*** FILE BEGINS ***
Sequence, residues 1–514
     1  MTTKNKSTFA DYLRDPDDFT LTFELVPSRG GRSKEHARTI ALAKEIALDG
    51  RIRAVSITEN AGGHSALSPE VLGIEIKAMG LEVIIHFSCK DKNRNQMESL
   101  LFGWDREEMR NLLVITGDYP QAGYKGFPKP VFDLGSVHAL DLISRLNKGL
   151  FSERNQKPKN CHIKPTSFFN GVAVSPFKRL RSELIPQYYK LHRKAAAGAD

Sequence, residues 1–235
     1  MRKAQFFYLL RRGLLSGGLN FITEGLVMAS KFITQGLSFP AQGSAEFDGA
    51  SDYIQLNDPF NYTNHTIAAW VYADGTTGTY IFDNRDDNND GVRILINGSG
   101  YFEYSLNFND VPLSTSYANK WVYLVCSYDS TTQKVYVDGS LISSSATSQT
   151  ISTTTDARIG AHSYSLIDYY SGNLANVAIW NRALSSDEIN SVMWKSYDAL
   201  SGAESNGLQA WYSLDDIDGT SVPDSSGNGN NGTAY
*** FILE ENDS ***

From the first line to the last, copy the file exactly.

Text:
Sequence, residues 1–514
     1  MTTKNKSTFA DYLRDPDDFT LTFELVPSRG GRSKEHARTI ALAKEIALDG
    51  RIRAVSITEN AGGHSALSPE VLGIEIKAMG LEVIIHFSCK DKNRNQMESL
   101  LFGWDREEMR NLLVITGDYP QAGYKGFPKP VFDLGSVHAL DLISRLNKGL
   151  FSERNQKPKN CHIKPTSFFN GVAVSPFKRL RSELIPQYYK LHRKAAAGAD

Sequence, residues 1–235
     1  MRKAQFFYLL RRGLLSGGLN FITEGLVMAS KFITQGLSFP AQGSAEFDGA
    51  SDYIQLNDPF NYTNHTIAAW VYADGTTGTY IFDNRDDNND GVRILINGSG
   101  YFEYSLNFND VPLSTSYANK WVYLVCSYDS TTQKVYVDGS LISSSATSQT
   151  ISTTTDARIG AHSYSLIDYY SGNLANVAIW NRALSSDEIN SVMWKSYDAL
   201  SGAESNGLQA WYSLDDIDGT SVPDSSGNGN NGTAY